Returning to his "spiritual home" on the Italian side of the Mont Blanc Massif, Tony Penning has climbed another small new summit below the great south-southeast face of the Grandes Jorasses.
In the summer of 2006, having been given the tip by the authoritative Mont Blanc enthusiast and historian, local Italian Luca Signorelli, Penning made the first ascent of Punta 2,862m on the east side of the remote, lower Pra Sec basin.
With Gavin Cytlau, Nick Gillett, Nic Mullin and Ali Taylor, he climbed the south buttress in nine pitches to give a 450m climb of E2 5b/c (F6b).
On the recommendation of Signorelli the granite tower was named Punta Giancarlo Grassi, after the legendary Italian pioneer and guide.
Giancarlo Grassi was arguably the best and most productive exploratory climber to come from Italy. His 1978 ascent of the Hypercouloir on the Grandes Jorasses was perhaps the first significant south-facing ice couloir climbed in the Alps, and possibly the hardest ice route in the Mont Blanc Range at the time.
Grassi put up new routes all over the southern side of the Mont Blanc Range, and in most of Italy's alpine areas.
Together with Gianni Comino he raised the standards of ice climbing in Italy to previously unheard of levels and towards the end of his, sadly short, life was climbing more than 250 days a year.
Official naming of summits is not a prerogative of the Courmayeur municipality but more for the Aosta valley cartography office, so the designation Punta Grassi still remains "a work in progress".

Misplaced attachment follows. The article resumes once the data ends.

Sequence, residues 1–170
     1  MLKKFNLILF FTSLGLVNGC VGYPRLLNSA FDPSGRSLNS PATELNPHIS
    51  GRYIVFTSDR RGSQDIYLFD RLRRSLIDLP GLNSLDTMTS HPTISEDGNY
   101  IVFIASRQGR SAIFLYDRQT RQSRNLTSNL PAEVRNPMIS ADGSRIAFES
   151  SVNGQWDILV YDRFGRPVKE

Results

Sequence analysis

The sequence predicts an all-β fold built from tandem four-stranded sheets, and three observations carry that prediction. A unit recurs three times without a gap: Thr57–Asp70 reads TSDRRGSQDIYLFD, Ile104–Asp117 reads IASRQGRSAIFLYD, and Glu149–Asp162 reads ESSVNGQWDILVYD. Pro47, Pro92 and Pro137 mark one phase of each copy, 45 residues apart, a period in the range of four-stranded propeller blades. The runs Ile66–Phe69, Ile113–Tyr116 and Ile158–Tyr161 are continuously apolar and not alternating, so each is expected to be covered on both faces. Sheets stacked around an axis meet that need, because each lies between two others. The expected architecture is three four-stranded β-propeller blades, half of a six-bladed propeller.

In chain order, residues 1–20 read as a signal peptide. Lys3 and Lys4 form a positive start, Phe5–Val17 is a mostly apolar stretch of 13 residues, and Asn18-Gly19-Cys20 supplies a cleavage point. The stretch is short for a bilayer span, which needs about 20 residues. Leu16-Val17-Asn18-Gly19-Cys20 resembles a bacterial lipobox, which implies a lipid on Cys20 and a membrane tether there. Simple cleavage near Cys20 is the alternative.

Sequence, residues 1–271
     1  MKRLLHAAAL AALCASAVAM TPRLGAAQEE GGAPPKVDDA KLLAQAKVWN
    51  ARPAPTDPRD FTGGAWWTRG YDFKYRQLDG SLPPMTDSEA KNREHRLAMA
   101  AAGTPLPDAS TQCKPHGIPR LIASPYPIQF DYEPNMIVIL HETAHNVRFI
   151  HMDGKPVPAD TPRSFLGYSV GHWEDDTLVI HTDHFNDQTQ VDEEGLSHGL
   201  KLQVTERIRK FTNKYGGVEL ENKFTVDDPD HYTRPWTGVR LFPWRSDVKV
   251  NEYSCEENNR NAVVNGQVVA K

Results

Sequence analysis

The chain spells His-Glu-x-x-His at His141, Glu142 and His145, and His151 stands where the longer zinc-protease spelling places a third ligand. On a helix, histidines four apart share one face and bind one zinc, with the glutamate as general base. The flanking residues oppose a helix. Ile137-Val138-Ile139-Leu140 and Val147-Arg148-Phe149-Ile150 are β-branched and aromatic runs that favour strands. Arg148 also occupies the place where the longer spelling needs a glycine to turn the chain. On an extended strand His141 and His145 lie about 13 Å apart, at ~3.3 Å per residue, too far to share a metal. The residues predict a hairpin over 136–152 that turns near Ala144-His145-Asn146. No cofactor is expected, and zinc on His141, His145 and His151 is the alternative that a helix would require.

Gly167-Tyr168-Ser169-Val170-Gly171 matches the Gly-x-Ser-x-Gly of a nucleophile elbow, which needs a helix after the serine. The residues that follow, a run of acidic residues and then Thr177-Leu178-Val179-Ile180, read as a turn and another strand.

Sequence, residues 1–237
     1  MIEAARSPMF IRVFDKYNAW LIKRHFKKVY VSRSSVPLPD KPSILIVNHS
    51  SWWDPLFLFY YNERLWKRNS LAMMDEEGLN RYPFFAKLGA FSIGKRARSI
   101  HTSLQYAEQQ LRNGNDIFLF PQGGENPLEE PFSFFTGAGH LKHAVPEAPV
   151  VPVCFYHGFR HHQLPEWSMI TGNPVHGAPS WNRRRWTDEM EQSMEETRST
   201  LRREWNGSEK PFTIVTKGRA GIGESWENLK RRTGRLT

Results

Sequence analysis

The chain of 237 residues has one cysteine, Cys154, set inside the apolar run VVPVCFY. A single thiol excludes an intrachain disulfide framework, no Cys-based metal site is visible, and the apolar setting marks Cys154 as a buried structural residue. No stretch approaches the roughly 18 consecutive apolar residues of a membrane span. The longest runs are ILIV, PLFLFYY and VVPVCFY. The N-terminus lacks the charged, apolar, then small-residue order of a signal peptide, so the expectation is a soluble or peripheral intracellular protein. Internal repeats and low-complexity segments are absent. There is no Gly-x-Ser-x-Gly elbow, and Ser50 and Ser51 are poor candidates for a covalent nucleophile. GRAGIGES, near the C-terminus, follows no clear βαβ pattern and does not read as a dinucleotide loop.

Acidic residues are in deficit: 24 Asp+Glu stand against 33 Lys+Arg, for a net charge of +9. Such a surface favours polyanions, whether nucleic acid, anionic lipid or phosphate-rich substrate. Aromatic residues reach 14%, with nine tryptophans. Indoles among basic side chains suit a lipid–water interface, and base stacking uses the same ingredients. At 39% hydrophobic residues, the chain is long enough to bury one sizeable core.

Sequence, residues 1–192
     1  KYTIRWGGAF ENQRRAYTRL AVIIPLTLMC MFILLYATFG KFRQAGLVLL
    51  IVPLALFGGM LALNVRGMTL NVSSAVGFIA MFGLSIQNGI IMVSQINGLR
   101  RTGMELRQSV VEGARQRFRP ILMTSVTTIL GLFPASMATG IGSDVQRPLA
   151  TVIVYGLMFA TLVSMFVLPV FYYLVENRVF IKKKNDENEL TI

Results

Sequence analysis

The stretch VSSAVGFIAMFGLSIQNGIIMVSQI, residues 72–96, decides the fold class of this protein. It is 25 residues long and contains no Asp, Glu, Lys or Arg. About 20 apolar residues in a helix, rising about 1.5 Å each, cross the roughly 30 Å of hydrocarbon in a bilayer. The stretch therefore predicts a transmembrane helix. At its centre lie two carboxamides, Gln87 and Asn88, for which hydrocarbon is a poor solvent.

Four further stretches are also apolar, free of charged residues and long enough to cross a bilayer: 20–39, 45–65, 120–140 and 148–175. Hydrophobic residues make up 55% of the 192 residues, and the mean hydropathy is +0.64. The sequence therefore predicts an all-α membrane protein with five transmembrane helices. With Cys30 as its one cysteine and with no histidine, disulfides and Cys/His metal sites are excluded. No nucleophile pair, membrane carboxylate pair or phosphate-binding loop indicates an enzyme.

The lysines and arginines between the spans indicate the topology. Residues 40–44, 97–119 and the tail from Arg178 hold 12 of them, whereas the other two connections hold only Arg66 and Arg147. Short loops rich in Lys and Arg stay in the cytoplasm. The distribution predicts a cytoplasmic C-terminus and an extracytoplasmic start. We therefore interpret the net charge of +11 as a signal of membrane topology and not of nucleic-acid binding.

Penning returned in August 2012 with Mike Mitchell and made the long approach to a bivouac below the south ridge of Punta Grassi.
The pair then climbed around its east flank, a little above the glacier, until it was possible to enter a gully and chimney system that led back left to the col between Punta Grassi and another, higher, unnamed tower to the north.
Whilst the rock below the col was loose in parts, on the ridge above a succession of pleasant granite steps up to HVS gave enjoyable climbing.
The two reached the top after 750m of climbing from their bivouac and named their ascent Absent Friends.
However, it did not escape Penning's attention that there was another unclimbed granite tower further north again.
This August Penning, who has now been visiting the south side of the range on a regular basis since his first new route there in 1987, was on a family holiday, camping in the Val Veni.
In the back of his mind was a little project, so taking time out he made two carries to the bivouac below Punta Grassi and then repeated his route Absent Friends, solo.
From the top he traversed around a pinnacle on the ridge leading north and then followed a bergschrund to a rocky bridge that led to the base of the virgin 100m rock tower beyond.
On route he glanced down a gully to the right and spotted something metallic, but was unable to descend to it at the time.
Penning soloed the south face tower at HVS via an obvious chimney/groove system and then out right to gain the upper ridge, arriving on the summit at 12:30 pm.
While descending, which involved 350m of down climbing and jammed abseil ropes, he fell off a section of ridge while on rappel. After an eight-metre pendulum he was stopped by a large immovable granite wall, fortunately not much the worse for wear.
Also during the descent he managed to abseil into the gully in which he'd noticed the metallic object, and take a photograph (photo 4).
This piece of machinery must have fallen from above, and/or been carried by the glacier, and while anemometers or surveying equipment spring to mind, we would be interested to hear from anyone who can identify it.
Unfortunately, he didn't bring it down: locals said it would have sat nicely in the Courmayeur museum.
It took Penning well into the evening to reach the valley, and he was forced to come back up later to carry down the rest of his gear, making a total of four days spent on the project.